The Irish Times view on global warming: the crisis of our time
Politicians must show leadership in drawing us away from the energy, transport and agricultural policies that leave us at the bottom of the European table in mitigating climate change
The latest report from the Intergovernmental Panel on Climate Change (IPCC) reminds us that greenhouse gas emissions caused by industrialisation have already warmed the planet by one degree. Photograph: John Giles/PA Wire
The latest report from the Intergovernmental Panel on Climate Change (IPCC) highlights compelling evidence that, if we fail to reduce global greenhouse gas emissions very rapidly, the consequences will be both more damaging – and happen sooner – than had previously been thought.
It is vital that this report is heard as a cogent call to action, and not as a jeremiad about impending climate apocalypse. It is based on sober science, not scare-mongering or slogans, and it offers clear, if very challenging, options.
The report reminds us that greenhouse gas emissions caused by industrialisation have already warmed the planet by one degree. The consequences are now painfully evident, in Ireland and across the world, in increasingly frequent extreme weather events, playing havoc with food production, and destroying human lives and livelihoods. What is new in the report is the very strong indication that this average will rise to 1.5 degrees in just 12 years, with all these consequences intensifying accordingly. This was the lower limit decided by the 2015 UN Paris Climate Agreement.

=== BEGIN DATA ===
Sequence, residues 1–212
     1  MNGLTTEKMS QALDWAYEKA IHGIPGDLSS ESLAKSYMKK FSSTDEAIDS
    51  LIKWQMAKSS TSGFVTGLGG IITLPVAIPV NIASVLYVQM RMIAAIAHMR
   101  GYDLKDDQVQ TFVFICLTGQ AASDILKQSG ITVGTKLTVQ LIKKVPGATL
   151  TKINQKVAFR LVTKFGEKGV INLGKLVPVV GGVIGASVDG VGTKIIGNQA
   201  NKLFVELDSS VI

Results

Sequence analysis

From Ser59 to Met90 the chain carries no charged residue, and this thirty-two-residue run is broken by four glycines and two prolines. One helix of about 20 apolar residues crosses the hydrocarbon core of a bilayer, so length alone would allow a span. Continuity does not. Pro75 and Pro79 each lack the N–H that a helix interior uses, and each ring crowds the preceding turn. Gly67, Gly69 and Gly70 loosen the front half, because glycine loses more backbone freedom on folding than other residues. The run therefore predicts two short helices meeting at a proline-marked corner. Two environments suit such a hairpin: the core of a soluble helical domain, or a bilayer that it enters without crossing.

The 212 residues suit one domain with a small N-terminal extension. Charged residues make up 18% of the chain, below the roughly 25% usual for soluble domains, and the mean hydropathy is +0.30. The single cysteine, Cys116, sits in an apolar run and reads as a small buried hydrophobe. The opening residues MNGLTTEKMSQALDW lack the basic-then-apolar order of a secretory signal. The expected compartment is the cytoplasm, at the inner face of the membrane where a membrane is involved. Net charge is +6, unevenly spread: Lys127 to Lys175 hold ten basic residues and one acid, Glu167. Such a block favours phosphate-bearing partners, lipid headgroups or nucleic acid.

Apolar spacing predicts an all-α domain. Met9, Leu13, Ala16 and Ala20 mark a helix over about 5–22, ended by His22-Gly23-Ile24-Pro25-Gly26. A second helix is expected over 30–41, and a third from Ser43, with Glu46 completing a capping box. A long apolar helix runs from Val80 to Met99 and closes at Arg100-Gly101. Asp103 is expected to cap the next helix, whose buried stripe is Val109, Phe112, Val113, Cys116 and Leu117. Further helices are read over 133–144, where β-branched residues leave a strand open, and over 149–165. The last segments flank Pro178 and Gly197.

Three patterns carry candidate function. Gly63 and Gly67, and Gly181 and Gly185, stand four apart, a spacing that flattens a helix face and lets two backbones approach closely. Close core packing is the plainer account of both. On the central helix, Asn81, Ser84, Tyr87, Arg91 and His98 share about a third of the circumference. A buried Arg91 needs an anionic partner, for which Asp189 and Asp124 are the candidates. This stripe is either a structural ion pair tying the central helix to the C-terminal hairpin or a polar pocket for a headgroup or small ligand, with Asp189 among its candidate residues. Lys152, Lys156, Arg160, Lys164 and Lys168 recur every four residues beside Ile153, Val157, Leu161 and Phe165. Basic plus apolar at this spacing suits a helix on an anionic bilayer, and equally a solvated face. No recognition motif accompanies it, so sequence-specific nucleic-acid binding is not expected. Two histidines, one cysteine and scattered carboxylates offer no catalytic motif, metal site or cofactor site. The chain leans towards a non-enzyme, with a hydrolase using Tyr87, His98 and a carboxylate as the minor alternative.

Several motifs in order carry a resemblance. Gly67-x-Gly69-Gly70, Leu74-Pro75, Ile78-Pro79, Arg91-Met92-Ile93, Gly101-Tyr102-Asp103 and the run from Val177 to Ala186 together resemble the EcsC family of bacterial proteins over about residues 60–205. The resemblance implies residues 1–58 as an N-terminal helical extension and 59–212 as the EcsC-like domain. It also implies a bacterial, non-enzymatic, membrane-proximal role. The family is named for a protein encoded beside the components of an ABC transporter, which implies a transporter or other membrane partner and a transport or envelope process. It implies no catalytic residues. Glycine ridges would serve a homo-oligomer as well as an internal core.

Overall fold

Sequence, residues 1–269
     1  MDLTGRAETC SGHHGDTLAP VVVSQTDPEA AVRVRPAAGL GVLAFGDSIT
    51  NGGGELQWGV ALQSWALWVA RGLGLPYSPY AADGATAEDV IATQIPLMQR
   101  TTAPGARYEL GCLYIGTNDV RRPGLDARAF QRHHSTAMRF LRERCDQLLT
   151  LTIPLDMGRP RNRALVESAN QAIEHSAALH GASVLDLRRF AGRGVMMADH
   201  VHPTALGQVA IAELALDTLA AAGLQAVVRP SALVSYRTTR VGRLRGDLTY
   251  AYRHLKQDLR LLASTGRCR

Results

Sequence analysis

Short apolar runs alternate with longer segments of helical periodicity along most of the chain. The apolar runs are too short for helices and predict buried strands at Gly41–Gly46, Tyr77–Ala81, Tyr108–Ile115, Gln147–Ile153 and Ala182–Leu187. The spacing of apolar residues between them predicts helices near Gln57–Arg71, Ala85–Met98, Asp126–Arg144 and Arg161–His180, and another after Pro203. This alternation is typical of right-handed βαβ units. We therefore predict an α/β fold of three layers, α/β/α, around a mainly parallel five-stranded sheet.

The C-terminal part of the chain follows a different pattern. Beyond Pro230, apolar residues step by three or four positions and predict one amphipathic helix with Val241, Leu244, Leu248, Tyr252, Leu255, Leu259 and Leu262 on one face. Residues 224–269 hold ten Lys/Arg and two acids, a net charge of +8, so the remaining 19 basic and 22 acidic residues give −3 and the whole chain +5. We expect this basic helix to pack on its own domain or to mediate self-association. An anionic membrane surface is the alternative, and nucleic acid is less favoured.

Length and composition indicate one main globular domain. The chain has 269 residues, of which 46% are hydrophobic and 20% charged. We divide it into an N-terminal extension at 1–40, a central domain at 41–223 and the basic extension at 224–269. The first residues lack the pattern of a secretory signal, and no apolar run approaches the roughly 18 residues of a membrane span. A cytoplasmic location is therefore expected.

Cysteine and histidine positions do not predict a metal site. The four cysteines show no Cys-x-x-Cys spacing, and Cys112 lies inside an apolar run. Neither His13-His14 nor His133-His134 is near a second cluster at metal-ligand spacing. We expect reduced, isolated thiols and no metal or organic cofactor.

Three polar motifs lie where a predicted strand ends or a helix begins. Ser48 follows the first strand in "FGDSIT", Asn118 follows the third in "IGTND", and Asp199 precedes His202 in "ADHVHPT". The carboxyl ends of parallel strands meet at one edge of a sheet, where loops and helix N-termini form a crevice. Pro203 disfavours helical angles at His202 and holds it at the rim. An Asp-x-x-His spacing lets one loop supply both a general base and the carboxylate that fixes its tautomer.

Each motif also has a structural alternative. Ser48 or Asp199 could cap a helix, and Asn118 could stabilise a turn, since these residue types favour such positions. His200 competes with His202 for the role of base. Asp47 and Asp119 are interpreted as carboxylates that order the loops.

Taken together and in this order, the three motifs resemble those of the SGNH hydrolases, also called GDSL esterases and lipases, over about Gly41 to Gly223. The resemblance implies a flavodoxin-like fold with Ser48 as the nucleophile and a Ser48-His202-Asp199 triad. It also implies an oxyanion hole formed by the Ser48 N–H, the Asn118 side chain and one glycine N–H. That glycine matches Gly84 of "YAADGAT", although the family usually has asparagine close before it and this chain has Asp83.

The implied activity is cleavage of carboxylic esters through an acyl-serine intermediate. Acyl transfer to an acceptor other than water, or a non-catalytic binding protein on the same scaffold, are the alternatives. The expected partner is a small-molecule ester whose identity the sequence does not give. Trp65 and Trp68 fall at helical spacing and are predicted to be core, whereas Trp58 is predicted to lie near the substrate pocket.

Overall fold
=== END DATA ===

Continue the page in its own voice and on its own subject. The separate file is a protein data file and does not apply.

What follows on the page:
The report then shows that the impacts of the upper level agreed in Paris, two degrees, would be catastrophic for many societies. Bluntly, the lower increase will still cause enormous human suffering and environmental damage, but may be manageable. The impacts of the upper level will probably not.
It is to be hoped that today’s Budget will make a small start, with a meaningful increase in our ludicrously low tax on carbon emissions
It is therefore urgent and essential that policy makers and citizens recognise that reducing emissions is the key issue for this decade. And, as the authors of the report spell out, such reductions can actually assist us in meeting the UN’s Sustainable Development Goals.
In an Irish context, it is incumbent on our politicians, of all parties, to show a similar level of leadership in drawing us away from the energy, transport and agricultural policies that leave us, disgracefully, at the bottom of the European table in mitigating climate change.
It is to be hoped that today’s Budget will make a small start, with a meaningful increase in our ludicrously low tax on carbon emissions. But so very much more needs to be done, and done now. As the report points out, the kind of changes that will keep warming to a barely tolerable 1.5 degrees will require “rapid, far-reaching and unprecedented changes in all aspects of society”.
To find the courage to make such changes, we must recall that great transformations have been brought about by visionary leadership and bottom-up social movements before. It would be tragic beyond belief if a world that has shown itself capable of immense change – take, for example, the abolition of an evil like slavery which was once widely regarded as normal – should prove incapable of heeding the clear and rational message of this report.